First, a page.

Posts Tagged ‘evolution’
The CEO of Enron – now in prison – happily applied ‘selfish gene’ logic to his human capital, thus creating a self-fulfilling prophecy. Assuming that the human species is driven purely by greed and fear, Jeffrey Skilling produced employees driven by the same motives. Enron imploded under the mean-spirited weight of his policies, offering a preview of what was in store for the world economy as a whole…
As we concentrate on cooperation, we might spare a thought for Martin Gardner; he died on this date in 2010. Though not an academic, nor ever a formal student of math or science, he wrote widely and prolifically on both subjects in such popular books as The Ambidextrous Universe and The Relativity Explosion and as the “Mathematical Games” columnist for Scientific American. Indeed, his elegant– and understandable– puzzles delighted professional and amateur readers alike, and helped inspire a generation of young mathematicians.
Gardner’s interests were wide; in addition to the math and science that were his power alley, he studied and wrote on topics that included magic, philosophy, religion, and literature (c.f., especially his work on Lewis Carroll– including the delightful Annotated Alice— and on G.K. Chesterton). And he was a fierce debunker of pseudoscience: a founding member of CSICOP, and contributor of a monthly column (“Notes of a Fringe Watcher,” from 1983 to 2002) in Skeptical Inquirer, that organization’s monthly magazine.
“This is the first age that’s ever paid much attention to the future, which is a little ironic since we may not have one”*…
Starting tomorrow, the U.S. National Weather Service will discontinue its historical practice of issuing all of its weather bulletins in ALL CAPS. The agency has been sending out its forecasts with caps lock on for more than 150 years, since the advent of the telegraph. Successive generations of teleprinters used only capital letters; but with the advent of the internet, all caps came to have the affect of a siren.
From tomorrow, all caps will be reserved for actual weather emergencies warranting them.
* Arthur C. Clarke
As we reach for our umbrellas, we might recall that it was on this date in 1925 that John T. Scopes was given a preliminary hearing before three judges. He had been arrested and charged under a new Tennessee state law, the Butler Act, which prohibited the teaching of Darwin’s theory of evolution in public schools. The judicial panel greenlit what became Scopes vs. The State of Tennessee (aka “the Scopes Monkey Trial”).
Tennessee legislators had responded to the urgings of William Bell Riley, head of the World’s Christian Fundamentals Association, and passed a law prohibiting the teaching of evolution (the Butler Act); in response, The American Civil Liberties Union offered to defend anyone accused of violating the Act. George Rappleyea, who managed several local mines, convinced a group of businessmen in Dayton, Tennessee, a town of 1,756, that the controversy of such a trial would give Dayton some much needed publicity. With their agreement, he called in his friend, the 24-year-old Scopes, who taught biology in the local high school– and who agreed to be the test case.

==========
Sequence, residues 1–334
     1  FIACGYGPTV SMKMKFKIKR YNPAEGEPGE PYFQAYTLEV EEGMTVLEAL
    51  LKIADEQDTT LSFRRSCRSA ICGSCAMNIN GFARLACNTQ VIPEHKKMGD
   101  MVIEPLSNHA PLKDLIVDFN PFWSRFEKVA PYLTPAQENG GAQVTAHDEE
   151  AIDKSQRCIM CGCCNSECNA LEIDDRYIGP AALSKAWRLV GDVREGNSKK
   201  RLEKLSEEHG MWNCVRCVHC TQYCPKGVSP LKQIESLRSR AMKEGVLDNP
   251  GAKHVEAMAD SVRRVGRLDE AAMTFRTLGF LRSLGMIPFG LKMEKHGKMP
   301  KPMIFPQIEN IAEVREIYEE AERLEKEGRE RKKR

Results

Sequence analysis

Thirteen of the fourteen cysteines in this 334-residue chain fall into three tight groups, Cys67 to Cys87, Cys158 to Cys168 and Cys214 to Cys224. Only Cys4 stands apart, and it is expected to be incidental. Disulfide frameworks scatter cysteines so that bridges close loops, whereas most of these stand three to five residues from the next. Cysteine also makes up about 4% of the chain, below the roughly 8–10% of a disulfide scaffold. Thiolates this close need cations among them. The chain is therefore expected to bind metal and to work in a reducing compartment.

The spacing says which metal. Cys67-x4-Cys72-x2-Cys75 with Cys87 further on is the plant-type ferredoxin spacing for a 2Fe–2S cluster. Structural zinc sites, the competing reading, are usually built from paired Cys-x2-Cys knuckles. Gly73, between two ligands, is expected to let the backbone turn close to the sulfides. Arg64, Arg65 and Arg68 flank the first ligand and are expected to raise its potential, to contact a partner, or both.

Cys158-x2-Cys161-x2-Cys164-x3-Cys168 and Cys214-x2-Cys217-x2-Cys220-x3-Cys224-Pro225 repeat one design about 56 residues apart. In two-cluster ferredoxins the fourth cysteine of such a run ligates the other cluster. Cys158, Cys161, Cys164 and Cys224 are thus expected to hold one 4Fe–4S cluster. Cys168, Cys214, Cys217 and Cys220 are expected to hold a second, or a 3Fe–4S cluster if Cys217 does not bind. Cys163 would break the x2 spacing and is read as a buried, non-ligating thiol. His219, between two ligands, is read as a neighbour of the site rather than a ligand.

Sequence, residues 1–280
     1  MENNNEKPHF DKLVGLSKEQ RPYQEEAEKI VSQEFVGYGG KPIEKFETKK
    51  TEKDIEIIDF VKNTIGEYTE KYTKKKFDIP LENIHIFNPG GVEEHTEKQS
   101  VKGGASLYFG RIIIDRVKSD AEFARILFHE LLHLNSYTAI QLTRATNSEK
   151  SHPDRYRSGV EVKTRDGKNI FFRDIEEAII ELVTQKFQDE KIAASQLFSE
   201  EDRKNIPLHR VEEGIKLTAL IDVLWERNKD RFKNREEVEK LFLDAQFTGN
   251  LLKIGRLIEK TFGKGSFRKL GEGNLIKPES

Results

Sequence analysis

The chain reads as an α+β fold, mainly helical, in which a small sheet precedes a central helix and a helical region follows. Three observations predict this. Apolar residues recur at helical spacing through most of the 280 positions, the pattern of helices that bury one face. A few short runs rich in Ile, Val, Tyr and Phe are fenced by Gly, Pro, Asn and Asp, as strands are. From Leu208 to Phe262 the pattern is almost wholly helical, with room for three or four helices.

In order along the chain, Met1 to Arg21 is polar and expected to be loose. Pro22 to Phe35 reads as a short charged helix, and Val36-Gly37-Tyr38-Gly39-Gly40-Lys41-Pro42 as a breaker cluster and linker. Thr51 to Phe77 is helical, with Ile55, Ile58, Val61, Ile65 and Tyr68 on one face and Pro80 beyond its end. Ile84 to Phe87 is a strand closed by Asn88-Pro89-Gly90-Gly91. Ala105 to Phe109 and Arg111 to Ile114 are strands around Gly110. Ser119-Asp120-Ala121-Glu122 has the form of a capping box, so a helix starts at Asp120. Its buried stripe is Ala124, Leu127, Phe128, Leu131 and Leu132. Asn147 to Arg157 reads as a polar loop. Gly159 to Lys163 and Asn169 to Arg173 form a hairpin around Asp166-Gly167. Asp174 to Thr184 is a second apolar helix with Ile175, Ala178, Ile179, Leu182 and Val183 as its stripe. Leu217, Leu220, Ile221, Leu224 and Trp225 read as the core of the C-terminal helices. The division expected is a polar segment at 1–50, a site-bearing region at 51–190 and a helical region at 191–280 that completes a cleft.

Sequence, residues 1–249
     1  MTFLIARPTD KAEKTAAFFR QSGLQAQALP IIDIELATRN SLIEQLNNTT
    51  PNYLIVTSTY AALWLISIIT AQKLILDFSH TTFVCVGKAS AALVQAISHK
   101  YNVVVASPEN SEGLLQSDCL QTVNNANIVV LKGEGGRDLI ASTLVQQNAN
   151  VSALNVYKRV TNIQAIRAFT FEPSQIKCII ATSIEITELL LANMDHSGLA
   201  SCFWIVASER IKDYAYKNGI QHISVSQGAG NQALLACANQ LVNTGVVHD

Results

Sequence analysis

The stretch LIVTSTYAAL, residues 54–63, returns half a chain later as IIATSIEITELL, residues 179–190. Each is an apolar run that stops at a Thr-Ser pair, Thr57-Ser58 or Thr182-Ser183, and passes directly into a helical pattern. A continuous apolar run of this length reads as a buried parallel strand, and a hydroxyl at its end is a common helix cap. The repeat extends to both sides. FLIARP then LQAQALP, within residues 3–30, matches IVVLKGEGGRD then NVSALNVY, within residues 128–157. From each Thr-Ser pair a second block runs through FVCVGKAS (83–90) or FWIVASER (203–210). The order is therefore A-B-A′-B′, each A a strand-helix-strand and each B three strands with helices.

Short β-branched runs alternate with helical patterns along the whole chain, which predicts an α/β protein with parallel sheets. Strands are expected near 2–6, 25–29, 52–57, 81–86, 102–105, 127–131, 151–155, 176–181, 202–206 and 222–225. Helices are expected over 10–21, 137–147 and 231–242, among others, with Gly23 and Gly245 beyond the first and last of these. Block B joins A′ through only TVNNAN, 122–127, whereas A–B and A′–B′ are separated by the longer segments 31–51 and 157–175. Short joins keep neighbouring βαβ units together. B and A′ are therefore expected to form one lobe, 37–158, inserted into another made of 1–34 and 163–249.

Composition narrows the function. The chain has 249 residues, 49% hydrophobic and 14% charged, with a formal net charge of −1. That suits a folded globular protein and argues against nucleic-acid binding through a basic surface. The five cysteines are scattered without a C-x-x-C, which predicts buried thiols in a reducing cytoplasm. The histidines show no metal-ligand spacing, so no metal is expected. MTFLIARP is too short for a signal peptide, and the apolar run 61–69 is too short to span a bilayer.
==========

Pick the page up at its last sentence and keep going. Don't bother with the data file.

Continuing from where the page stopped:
Donald D. Hoffman, a professor of cognitive science at the University of California, Irvine. Hoffman has spent the past three decades studying perception, artificial intelligence, evolutionary game theory and the brain, and his conclusion is a dramatic one: The world presented to us by our perceptions is nothing like reality. What’s more, he says, we have evolution itself to thank for this magnificent illusion, as it maximizes evolutionary fitness by driving truth to extinction…
The fantastic tale in full at “The Evolutionary Argument Against Reality.”
[Image above source]
* John Lennon
As we question everything, we might recall that it was on this date in 1810 that Beethoven wrote Bagatelle No. 25 in A minor (WoO 59 and Bia 515) for solo piano– better known as “Für Elise” (click to hear).
Some scholars have suggested that “Elise” was Beethoven’s mistress; but others have suggested that the discoverer of the piece, Ludwig Nohl, may have have misunderstood the Master’s handwriting, and transcribed the title incorrectly, that the original work may have been named “Für Therese”– Therese being Therese Malfatti von Rohrenbach zu Dezza, a friend and student of Beethoven’s to whom he proposed in 1810… though she turned him down to marry the Austrian nobleman and state official Wilhelm von Droßdik. Today, Therese is forgotten; Elise, celebrated. In any case, it’s a beautiful piece…
Every new step in the direction of simplification – toward monoculture, say, ore genetically identical plants – leads to unimaginable new complexities…”
― Michael Pollan
In any case,
Animal cloning has been around for nearly 20 years, but has mostly been done for the sake of research. Now, a new commercial venture in Tianjin, China, plans to clone 100,000 beef cattle a year for meat production beginning in the first half of 2016.